Can You Testify?

Bible Book: Philippians  3 : 4-11
Subject: Testimony; Godly Living; Dedication; Salvation; Commitment

Can You Testify?

Dr. J. Mike Minnix

Philippians 3:4-11 ...

"...though I also might have confidence in the flesh. If anyone else thinks he may have confidence in the flesh, I more so: circumcised the eighth day, of the stock of Israel, of the tribe of Benjamin, a Hebrew of the Hebrews; concerning the law, a Pharisee; concerning zeal, persecuting the church; concerning the righteousness which is in the law, blameless. But what things were gain to me, these I have counted loss for Christ. Yet indeed I also count all things loss for the excellence of the knowledge of Christ Jesus my Lord, for whom I have suffered the loss of all things, and count them as rubbish, that I may gain Christ and be found in Him, not having my own righteousness, which is from the law, but that which is through faith in Christ, the righteousness which is from God by faith; 10 that I may know Him and the power of His resurrection, and the fellowship of His sufferings, being conformed to His death, 11 if, by any means, I may attain to the resurrection from the dead."

A good testimony of salvation is said to contain three elements ...

i. What I was before I met Christ

ii. How I came to know Christ

iii. What my life has been like since I met Christ

Every Christian should be able to share those three things in about 2 to 4 minutes. Can you testify? Paul could and Paul did! Paul had a testimony of his salvation, but his is slightly different. Yet, his testimony is powerful and passionate. Let’s look at the way Paul shared what Jesus meant to him in Philippians 3:4-11.

I. What Paul Had before Christ

Paul begins by pointing out what he had in his life before he came to know Christ. On occasion we hear testimonies from people who share 'infinitum' about their sinful ways before being saved. It seems as though they are reliving their “glory” days in sin as they tell how terrible they once were. Certainly, it is okay to point out what Jesus saved you from, but one must never glorify their former sins. Paul certainly does not do that in his testimony. In fact, he is sharing about how good he thought he was before he found Jesus as his Savior.

We note three important elements of Paul’s life prior to his salvation.

A. Paul’s Fleshly Confidence

If anyone on earth seemed to have a right to place confidence in the flesh, Paul did.  Paul was a man who felt that salvation was possible through his own deeds. Before he was saved Paul took great pride in his flesh and his attempts to serve God in the flesh. Paul's self-righteousness was as great a sin as any evil deed man can commit, and in his testimony Paul admitted that.

Note also in Paul’s testimony …

B. Paul’s Fiery Zeal

Paul was filled with a fiery zeal for God before he was saved, but after being saved through Christ he admitted that it was misdirected. His failed former religion was no passive, run-of-the-mill stuff - he was a burning flame for God prior to actually being saved. Listen carefully, you can be very busy for the Lord and yet be lost. That was true of Paul.

Some years ago, I had a deacon saved in the church I pastored. I wanted to be sure that he wasn't simply going through some personal crisis, so I attempted to convince him that he was already a Christian. He knew the truth, and pleade with me to help him truly trust Jesus. I led him to Christ that night and he stood before our church and gave the testimony of serving God in the flesh before he was actually saved. I saw him years later and he told me that since that night when he fully trusted Jesus for salvation he had never had a single moment of doubt concerning his salvation.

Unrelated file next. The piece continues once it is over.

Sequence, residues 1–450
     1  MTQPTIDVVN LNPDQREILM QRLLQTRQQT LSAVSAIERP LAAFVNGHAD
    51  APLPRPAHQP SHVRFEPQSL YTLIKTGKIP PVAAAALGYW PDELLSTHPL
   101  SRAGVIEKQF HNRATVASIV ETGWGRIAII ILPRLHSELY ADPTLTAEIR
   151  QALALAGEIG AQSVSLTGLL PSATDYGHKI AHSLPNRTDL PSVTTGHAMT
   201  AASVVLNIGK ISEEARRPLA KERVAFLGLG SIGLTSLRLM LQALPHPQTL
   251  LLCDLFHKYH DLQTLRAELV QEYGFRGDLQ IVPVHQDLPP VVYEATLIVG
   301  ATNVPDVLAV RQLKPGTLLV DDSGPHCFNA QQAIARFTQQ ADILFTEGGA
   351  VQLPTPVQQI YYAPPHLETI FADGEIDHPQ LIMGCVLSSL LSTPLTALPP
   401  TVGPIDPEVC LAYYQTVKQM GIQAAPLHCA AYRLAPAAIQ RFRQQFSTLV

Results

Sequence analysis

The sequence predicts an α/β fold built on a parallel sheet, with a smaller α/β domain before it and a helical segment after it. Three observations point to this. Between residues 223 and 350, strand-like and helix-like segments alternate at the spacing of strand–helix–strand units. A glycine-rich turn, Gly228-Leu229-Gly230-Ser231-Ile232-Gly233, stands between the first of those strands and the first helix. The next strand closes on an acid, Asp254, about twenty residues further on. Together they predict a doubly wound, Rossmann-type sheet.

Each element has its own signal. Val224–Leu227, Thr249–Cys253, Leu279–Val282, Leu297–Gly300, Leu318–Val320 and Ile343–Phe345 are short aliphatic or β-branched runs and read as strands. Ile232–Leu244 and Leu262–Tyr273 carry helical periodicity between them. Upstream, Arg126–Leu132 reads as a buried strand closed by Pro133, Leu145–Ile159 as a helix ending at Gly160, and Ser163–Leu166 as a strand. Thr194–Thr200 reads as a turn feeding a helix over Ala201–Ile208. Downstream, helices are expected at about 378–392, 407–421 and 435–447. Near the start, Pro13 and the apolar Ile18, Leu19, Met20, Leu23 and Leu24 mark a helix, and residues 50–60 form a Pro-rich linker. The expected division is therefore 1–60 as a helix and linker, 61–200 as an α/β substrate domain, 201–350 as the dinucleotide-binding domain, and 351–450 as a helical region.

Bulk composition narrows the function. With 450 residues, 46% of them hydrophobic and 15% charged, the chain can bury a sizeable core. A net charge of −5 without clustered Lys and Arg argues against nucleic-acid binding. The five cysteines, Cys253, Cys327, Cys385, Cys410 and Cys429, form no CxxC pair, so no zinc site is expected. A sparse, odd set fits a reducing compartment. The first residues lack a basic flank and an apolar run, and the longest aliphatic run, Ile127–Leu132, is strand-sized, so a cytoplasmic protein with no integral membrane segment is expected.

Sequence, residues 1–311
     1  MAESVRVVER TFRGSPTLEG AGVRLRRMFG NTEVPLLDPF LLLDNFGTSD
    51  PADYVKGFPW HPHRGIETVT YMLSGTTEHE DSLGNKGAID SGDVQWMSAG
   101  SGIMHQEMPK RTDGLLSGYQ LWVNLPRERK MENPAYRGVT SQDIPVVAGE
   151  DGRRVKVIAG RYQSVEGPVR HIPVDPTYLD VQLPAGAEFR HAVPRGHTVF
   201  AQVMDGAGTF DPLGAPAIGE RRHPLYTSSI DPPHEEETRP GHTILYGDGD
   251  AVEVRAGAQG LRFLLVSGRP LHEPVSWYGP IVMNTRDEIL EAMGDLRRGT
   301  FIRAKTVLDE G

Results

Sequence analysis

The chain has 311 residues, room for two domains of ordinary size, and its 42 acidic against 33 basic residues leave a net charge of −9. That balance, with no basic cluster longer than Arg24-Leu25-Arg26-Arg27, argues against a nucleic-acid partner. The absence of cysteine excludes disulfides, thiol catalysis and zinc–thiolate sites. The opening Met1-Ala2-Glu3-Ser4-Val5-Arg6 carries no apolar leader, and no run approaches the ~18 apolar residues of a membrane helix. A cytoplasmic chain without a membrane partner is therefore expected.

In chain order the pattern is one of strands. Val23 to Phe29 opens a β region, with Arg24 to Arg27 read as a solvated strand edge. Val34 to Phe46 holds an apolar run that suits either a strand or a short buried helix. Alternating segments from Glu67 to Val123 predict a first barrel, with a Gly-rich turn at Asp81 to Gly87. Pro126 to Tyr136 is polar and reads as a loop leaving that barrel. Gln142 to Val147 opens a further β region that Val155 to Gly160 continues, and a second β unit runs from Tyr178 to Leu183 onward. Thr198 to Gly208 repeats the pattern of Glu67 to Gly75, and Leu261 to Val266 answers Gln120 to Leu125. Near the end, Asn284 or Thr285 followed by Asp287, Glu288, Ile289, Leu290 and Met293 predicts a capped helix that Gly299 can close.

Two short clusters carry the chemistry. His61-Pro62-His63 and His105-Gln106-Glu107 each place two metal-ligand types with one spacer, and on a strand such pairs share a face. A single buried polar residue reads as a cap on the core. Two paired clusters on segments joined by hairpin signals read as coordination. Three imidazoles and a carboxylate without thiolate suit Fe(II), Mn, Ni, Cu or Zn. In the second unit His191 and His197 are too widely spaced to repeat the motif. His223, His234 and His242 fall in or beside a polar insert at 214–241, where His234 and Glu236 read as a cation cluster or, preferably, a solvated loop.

In one revival I preached a youth minister in the church was saved. He too tried to work his way to being acceptable to God, but never had peace till he bowed in humility and placed faith in Jesus alone.

A phone call came to me one day from a pastor I had known for many years. In fact, I had preached revivals in his church. He told me n that phone call his wife had just accepted Christ. She was a pastor's wife, but wasn't a born again Christian. She settled the matter for good by placing full faith in Jesus as Lord and Savior.

In other words, you can be busy in the church, working for the Lord, have a burning zeal and yet still not know the Savior as your personal Redeemer. Does that seem strange to you? It should not. Paul was doing the same thing before he was actually converted to Christ.

Again, we see …

C. Paul’s Faultless Legalism

Paul was a good man as far as morals go long before he was saved. He kept the law. He lived a rigid, faithful, dedicated moral life according to the Old Testament Law. He was a legalist and sought to keep every single Law found in God's Law.

Paul was trying to live right, he was committed in body and zeal, but he was lost. The point of his testimony was that what he had, what he was and what he was doing did not and could not save him or make him right with God. He had religion, but he did not have a Redeemer. He had the Law but not the Lord. He had self-righteousness but not the Savior.

Once Paul shared the life that failed him, he turned in the letter to the Philippians to share what actually receiving Jesus as Lord and Savior did for him.

II. What Paul Had in Christ

Paul’s testimony continued with the glorious experience of coming to know Christ as Lord and Savior. Paul turned his back on all the things he had in order to gain the one thing he lacked - a saving relationship with God through His Son, Jesus. This is not as easy as it sounds. Paul had spent his entire life up until his salvation, trying to be a faithful religious person. He was known far and wide for his godly behavior and zeal for God.

You know, I think it may be harder for a religious person to be saved than it is for an outright sinner to be saved. It is difficult to admit that you have been trying to do the right thing in your life but you have never trusted fully in Jesus as your Savior. I have seen many church members saved, and I know that they are filled with joy today because of that decision. But, I can tell you that it was not easy for them to make that decision. It is embarrassing to admit in front of others that you lack the thing needed most – a relationship with Jesus Christ. Oh, but the joy that comes once that decision is made! The freedom and joy are beyond description.

So, what do we have once we truly come to Christ? Paul tells us what he had in his life once he was saved.

A. The Surpassing Greatness of Knowing Christ

When Paul turned to Jesus for salvation, he lost his position within the community. He lost his prestige in Judaism, something that prior to salvation was a great source of pride to him. He lost his possessions on earth. He basically had to turn away from his career – his manner of earning a living.